Destination Key West: Tropical Travel Delight

Written by 19 November 2009 1,787 views One Comment

Destination Key West! It might be just me, but I think Key West is about as much fun as a place can be. There are excellent restaurants, world famous watering holes, a complete array of watersports in the warmest, clearest water in the US, an interesting history reflected in the architecture; and year round great weather.

If you haven’t visited the Southernmost City, allow me to introduce you to some of my favorite spots and things to do.

First stop will have to be the ocean; this sub tropical island is bounded by the Atlantic Ocean with its warming Gulfstream on one side, and the warm waters of the Gulf of Mexico on the other. You can go deep sea fishing along the deep waters of the Gulfstream or find a  guide for light tackle angling in the back country; watch dolphins cavort in the water; snorkel or dive among the tropical fish and colorful coral on the only barrier reef in the United States; sail into the sunset on an evening cruise, kayak the mangrove islands or parasail several hundred feet in the air over the water.

When you’re hungry for the local fare, you can pick up conch fritters from a street kiosk at Mallory Square (two hours before sunset until one hour after), or stop in at any number of excellent restaurants for fresh seafood. A big favorite is Seven Fish, well off the beaten path and completely worth finding. Finish with Key Lime pie from almost any place. You’ll find numerous small shops selling this local sweet – and my favorite is the frozen chocolate covered ones from Kermit’s Key West Key Lime Shoppe on Greene Street just off the harbor.Here are some more Key West restaurant recommendations.

If you’re interested in Key West’s history, just look around. The streets of what we call Old Town are part of a Historic District that was established in 1971. There are more than 2,400 historic buildings in the 5,400 acres bounded by White, Angela, Windsor, Passover, Thomas and Whitehead Streets, and the Gulf of Mexico. The architecture is fanciful and usually, but not accurately called Victorian. In his book, Houses of Key West Alex Caemmerer says most were Classical Revival. The more elegant homes are often two story clapboard sided homes with wide verandahs and decorative scrollwork called gingerbread. Smaller “shotgun houses” built for cigar makers also line the streets.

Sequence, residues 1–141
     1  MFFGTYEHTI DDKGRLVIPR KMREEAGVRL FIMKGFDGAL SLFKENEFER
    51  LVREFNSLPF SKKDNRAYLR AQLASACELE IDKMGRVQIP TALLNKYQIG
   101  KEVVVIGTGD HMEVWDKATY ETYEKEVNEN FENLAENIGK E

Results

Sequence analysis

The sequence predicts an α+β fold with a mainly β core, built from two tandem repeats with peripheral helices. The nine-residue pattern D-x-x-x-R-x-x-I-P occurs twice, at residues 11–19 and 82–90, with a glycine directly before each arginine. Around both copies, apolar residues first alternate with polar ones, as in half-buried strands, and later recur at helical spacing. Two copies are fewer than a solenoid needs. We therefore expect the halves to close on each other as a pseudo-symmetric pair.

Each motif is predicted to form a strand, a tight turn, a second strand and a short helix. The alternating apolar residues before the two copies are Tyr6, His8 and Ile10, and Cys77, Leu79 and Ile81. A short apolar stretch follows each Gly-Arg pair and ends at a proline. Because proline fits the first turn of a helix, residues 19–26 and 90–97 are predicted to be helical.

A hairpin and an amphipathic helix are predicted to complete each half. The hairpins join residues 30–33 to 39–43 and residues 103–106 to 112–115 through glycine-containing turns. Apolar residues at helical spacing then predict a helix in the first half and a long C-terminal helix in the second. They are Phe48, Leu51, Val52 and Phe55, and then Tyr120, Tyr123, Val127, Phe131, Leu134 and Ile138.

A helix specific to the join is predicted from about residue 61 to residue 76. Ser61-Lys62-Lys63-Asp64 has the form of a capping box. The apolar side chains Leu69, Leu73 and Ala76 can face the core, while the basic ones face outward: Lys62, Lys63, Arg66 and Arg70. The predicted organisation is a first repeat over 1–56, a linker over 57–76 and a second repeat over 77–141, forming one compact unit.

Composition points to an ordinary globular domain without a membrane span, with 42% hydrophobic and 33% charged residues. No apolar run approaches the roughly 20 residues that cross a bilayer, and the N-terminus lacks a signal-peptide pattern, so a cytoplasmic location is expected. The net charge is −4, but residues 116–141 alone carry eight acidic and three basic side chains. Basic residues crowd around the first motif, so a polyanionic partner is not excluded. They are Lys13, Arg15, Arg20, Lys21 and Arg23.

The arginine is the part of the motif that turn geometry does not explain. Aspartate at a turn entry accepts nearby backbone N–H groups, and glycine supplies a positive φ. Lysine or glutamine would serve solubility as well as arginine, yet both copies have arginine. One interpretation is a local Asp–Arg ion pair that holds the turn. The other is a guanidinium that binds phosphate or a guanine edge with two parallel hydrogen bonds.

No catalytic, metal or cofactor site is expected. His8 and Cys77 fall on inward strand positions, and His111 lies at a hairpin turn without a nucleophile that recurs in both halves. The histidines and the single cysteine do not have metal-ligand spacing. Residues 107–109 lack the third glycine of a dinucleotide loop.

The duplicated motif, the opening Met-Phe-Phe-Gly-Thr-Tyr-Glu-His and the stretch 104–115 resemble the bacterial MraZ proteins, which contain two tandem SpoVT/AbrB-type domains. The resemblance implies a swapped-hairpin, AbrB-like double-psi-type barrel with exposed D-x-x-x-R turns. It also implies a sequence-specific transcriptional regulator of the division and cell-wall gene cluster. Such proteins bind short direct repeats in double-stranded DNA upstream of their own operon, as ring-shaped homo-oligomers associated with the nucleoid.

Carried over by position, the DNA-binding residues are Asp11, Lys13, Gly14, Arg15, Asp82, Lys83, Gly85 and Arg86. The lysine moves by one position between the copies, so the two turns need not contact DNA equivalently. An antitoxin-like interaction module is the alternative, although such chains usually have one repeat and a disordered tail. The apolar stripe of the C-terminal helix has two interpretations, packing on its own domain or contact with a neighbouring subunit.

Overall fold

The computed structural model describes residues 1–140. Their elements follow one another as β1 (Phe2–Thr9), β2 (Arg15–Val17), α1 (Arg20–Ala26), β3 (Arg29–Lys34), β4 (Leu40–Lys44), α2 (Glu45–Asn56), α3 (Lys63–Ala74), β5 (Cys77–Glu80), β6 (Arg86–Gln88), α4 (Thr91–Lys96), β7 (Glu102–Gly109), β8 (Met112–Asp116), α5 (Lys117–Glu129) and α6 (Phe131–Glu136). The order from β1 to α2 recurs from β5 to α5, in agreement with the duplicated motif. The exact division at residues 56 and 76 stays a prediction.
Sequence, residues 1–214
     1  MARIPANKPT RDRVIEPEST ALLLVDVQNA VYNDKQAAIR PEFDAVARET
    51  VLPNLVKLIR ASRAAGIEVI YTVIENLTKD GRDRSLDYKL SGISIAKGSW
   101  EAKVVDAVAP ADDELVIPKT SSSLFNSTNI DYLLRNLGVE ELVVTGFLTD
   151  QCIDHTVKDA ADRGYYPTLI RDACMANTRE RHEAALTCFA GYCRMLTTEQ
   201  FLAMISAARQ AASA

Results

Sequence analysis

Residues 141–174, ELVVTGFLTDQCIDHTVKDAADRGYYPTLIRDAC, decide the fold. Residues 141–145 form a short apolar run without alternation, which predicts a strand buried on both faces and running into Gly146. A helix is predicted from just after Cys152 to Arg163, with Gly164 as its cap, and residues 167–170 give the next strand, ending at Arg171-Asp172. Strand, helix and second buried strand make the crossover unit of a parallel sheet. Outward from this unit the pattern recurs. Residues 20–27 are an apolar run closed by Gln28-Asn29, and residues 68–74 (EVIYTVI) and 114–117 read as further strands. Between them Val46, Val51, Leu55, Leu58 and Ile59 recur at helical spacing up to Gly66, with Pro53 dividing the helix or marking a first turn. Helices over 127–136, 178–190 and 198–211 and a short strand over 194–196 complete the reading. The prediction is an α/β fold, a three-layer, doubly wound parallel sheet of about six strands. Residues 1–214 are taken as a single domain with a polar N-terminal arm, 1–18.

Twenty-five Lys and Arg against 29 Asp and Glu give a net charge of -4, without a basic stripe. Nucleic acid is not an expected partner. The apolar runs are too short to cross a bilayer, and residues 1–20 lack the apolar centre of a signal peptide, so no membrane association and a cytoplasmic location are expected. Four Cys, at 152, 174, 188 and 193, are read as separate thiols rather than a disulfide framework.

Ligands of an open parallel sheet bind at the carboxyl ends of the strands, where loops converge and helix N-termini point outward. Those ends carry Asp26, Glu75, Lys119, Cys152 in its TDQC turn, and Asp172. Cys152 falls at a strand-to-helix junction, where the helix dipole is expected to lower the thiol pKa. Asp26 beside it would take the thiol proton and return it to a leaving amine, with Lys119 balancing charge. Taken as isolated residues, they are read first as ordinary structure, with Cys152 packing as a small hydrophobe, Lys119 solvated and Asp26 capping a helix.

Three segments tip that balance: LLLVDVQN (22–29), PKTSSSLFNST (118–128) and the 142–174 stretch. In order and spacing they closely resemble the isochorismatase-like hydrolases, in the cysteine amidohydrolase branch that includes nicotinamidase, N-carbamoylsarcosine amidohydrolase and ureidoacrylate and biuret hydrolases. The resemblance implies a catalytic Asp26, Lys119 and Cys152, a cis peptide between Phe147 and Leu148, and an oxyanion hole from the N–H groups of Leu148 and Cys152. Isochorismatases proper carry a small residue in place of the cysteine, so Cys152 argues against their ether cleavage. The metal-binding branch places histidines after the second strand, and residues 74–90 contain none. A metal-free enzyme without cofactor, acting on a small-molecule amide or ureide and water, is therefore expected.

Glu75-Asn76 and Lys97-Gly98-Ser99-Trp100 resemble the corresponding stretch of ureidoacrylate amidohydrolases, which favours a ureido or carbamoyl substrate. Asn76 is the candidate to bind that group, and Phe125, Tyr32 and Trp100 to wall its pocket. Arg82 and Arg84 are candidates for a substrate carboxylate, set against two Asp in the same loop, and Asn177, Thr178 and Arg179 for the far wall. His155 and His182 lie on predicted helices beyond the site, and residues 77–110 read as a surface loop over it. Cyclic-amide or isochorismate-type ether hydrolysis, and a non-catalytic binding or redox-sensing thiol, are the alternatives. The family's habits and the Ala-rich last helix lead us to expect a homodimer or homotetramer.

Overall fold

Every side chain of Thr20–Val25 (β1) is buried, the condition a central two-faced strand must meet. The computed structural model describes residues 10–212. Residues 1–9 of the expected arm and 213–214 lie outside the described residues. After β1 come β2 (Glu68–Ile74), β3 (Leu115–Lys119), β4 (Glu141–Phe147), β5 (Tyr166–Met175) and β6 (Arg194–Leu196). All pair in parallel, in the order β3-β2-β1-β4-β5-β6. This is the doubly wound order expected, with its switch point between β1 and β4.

There are several homes and gardens that can be toured: among them the Hemingway House, the Audubon House and the Little White House where Harry S. Truman spent as much of his term as he could.

key-west-historic-innPirate Lore is another huge part of Key West history, and you’ll find a couple of museums dedicated to their treasure and influence in the Florida Keys. The Pirate Soul Museum is on at 524 Front Street. The Mel Fisher Museum is at 200 Greene Street. The Shipwreck Historeum: 1 Whitehead Street. Here are hours and more information on these and other Key West museums and attractions.

You can even stay in one of these find old mansions; the Curry Mansion is in the center of Old Town just off Duval and the Southernmost House is a stunning historic inn/ bed and breakfast right on the Ocean at the top of Duval. For a more modern experience, the Art Deco Eden House at 1035 Fleming is a favorite.

If you enjoy your vacation, we won’t be surprised to find you want to stay. It happens all the time. Rudy Molinet, of Marquis Properties can help you find a home in Paradise. You can start with a Key West MLS search or browse his  Key West real estate listings.

Enjoy Key West! I’ll see you on the Duval Crawl.

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